Top-notch video, whether it be HD broadcasts or Blu-ray discs, looks absolutely superb, with oodles of depth and a huge amount of visual information to take in, rendered with a precision that only starts to break down from the most unlikely viewing distances.

What it doesn’t do, though, is ram its resolution in your face.

Effortless perfection

You never get the feeling that the set is over-exerting itself in order to extract more visual data than ever before from any given source; the pictures don’t have that over-processed sheen that you occasionally see on over-ambitious sets and you rarely see the picture appear to re-focus minutely when the content of the shot changes or the camera moves.

The result is a rich, immersive image that draws you into the action, rather than inviting you to marvel at its technical excellence at a slight remove.

Perhaps even more impressive, though, is the even-handedness with which this set treats whatever you put its way. Some sophisticated scaling circuitry ensures that even the lowliest standard-def broadcasts look comfortable when stretched across that 40-inch panel.

While you probably won’t find your jaw dropping too far during episodes of Dickinson’s Real Deal, you certainly won’t find yourself feeling woefully short-changed when switching from high- to low-definition broadcasts.

While the former obviously look better, the latter are pleasingly clean, well-disciplined and generally devoid of the blocky, garish ghastliness that so often plagues bog-standard Freeview broadcasts on less diligent large-screen sets.

Deep blacks

Black levels are fairly good, but don’t aspire to those achieved by direct-lit LED displays.

The darker shades are reasonably profound and there is a decent degree of distinction between shades, but the set never quite manages to attain true pitch darkness.

The deepest it can manage still has a slightly luminous quality, particularly watched in blackout conditions. On the plus side, there is little evidence of light pooling towards the sides (where the LEDs are located), a flaw that has scuppered more than a few of the edge-lit sets that have passed through the lab recently.

Crisp colours

Colours, meanwhile, are sublime across the board. The KDL-40EX703 has an astonishingly wide range, from the intensely saturated tones of children’s TV programming to the subdued, wintry palette of Where the Wild Things Are on Blu-ray.

The latter is a particularly revealing showcase for the Sony’s talents, with the opening, snow-bound scenes showing off the Bravia Engine’s aptitude for picking out instantly familiar real world tones.

The infinite variety in the shades of snow, with its contours and shifting sparkle, is note perfect and the rosy pallors of the various kids involved will look instantly familiar to anyone who has ever engaged in a snowball fight.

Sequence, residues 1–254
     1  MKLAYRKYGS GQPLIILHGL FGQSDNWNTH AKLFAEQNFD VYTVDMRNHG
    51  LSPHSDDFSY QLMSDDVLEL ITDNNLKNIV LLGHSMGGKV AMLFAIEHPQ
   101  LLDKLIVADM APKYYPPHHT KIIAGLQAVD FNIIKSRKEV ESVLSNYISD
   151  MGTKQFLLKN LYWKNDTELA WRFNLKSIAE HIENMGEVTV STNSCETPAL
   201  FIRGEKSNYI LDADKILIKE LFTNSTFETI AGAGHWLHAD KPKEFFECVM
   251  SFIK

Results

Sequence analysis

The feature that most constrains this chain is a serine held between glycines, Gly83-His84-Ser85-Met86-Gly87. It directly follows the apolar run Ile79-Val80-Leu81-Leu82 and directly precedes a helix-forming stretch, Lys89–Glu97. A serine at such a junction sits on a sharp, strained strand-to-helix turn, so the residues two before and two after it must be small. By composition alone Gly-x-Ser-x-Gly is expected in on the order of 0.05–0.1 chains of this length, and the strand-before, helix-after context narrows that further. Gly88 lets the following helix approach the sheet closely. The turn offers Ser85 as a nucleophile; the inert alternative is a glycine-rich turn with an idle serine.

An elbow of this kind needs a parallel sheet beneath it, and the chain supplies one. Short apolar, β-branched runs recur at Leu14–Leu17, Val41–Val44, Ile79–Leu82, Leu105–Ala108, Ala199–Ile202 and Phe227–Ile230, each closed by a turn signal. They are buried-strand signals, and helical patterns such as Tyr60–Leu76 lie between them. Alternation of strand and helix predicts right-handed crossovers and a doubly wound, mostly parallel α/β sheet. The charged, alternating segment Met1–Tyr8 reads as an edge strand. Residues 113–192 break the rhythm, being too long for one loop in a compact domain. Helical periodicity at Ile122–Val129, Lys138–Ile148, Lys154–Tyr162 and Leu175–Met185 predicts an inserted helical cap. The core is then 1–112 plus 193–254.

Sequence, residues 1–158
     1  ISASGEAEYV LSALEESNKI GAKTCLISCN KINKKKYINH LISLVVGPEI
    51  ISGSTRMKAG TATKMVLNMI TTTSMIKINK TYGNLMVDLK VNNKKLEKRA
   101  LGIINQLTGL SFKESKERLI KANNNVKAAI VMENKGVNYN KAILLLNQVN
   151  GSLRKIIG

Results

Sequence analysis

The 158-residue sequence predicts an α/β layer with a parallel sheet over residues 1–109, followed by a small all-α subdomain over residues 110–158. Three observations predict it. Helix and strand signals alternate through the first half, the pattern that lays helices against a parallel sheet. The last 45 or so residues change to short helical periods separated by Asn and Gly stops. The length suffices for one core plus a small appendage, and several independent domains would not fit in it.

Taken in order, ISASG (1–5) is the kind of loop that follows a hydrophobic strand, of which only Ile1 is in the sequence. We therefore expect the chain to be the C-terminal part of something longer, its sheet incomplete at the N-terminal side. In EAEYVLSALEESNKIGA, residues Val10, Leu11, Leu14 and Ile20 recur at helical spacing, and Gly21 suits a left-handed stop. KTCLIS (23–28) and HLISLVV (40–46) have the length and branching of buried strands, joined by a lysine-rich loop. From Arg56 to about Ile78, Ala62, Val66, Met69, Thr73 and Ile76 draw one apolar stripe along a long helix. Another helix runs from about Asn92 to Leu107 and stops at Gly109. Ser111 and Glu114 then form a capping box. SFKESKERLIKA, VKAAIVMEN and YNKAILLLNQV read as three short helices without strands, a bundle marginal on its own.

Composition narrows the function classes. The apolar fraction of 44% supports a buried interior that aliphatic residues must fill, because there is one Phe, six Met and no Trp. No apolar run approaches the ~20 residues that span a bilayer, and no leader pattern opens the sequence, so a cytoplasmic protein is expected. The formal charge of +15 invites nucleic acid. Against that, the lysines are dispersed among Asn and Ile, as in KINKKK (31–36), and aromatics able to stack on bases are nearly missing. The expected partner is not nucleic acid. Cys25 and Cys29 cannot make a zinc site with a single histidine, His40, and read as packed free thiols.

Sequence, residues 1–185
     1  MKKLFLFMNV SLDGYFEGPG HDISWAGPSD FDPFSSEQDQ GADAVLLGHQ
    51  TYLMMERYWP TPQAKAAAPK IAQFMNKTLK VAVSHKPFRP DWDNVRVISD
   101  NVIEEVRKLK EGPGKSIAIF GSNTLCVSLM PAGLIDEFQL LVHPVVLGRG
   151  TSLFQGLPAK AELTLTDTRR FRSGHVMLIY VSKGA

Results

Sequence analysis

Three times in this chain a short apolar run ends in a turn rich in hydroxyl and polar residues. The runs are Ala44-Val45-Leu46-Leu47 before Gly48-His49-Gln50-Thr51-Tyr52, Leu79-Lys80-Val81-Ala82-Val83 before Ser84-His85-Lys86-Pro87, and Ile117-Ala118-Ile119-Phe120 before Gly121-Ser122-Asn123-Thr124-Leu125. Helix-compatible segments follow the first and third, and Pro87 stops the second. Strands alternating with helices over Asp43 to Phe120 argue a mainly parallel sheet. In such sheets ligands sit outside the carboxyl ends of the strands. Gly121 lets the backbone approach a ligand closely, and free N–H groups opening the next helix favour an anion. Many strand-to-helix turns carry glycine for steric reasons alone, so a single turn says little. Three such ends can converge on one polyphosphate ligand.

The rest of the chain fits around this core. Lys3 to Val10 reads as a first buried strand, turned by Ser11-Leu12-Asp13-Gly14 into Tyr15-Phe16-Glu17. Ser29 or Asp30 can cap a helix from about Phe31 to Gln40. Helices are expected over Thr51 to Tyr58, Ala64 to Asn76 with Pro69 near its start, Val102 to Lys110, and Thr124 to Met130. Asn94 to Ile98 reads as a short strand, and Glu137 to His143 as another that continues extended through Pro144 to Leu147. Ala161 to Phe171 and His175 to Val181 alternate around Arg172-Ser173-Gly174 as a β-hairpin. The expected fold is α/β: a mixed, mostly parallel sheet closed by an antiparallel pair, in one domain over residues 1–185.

Blending is seamless, with no stepping or banding between varying shades or intensities and there is no evidence of any bleeding.

One slight disappointment is the motion handling. While by no means the worst offender in its class (and with all due acknowledgement of the slight judder inherent to Blu-ray), the Sony does occasionally struggle to deal with the challenges posed by moving cameras.

It’s not a glaring handicap and only makes itself known, in the form of a mild lag, on slowish, deliberate pans, but can be distracting once spotted.

Overall, though, the KDL-40EX703 is an immensely enjoyable watch, with a scope, depth and subtlety that lends itself particularly well to movies, but is equally satisfying with broadcasts.

Sound and value

Audio is crisp and clear with a pleasing mid-range that captures dialogue nicely. The sound ‘image’ is also reasonably wide and airy with whatever’s going on getting a decent amount of space to breathe.

It’s not three-dimensional in the same way that surround sound systems can be said to be (and we can’t think of too many reasons to bother with the KDL-40EX703′s S-Force pseudo-surround setting), but the various effects do at least have room to breathe and the soundfield appears to extend beyond the confines of the frame edges.

There is a decent amount of volume at your disposal, although we did detect a hint of the buzzing that betrays a speaker working at the limits of its capabilities when the dial went beyond the 80 per cent mark.

There isn’t a huge amount of bass to play with, but you’ll find just enough to give movies a little bit of extra oomph.


The recommended price of just over a grand (bearing in mind the likely savings some judicious shopping around might bring) is about bang on for the KDL-40EX703.

There aren’t all that many 40-inch sets around, and you could spend the same amount on an extremely well-specified 37-incher, or a larger but less exciting 42-inch model, but you certainly won’t find many direct rivals that offer this kind of performance on top of built-in Freeview HD and web widgets.

Only the best Philips sets are better connected, and the only conceivable gap in this Sony’s armoury is a lack of 3D compatibility, but that particular technology is by no means sufficiently established for this to be a minus point.

It’s attractive, it’s technically excellent, and its futureproof spec means it won’t need replacing for years to come, making it a formidable bargain by anyone’s reckoning.

Occasionally patchy black levels and motion blur, and the limited audio power.

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  • Freeview HD tuner
  • LED backlight
  • Natural colours
  • XMB interface


  • Average black levels
  • Some audio distortion at high volumes
  • Relatively pricey
  • Patchy motion handling


The Sony KDL-40EX703 is a comprehensively futureproofed television that should cater to the needs of a potentially huge market for years to come.

It packs just about everything you can think of into an extremely stylish chassis, produces a thoroughly entertaining performance, and manages to do so for what amounts to a high-ish, but ultimately reasonable, price.

We liked

The colours, user system, and features.

We disliked

The Sony KDL-40EX703 is an excellent value set, with every feature you can think of and mostly superb picture performance with only the odd foible.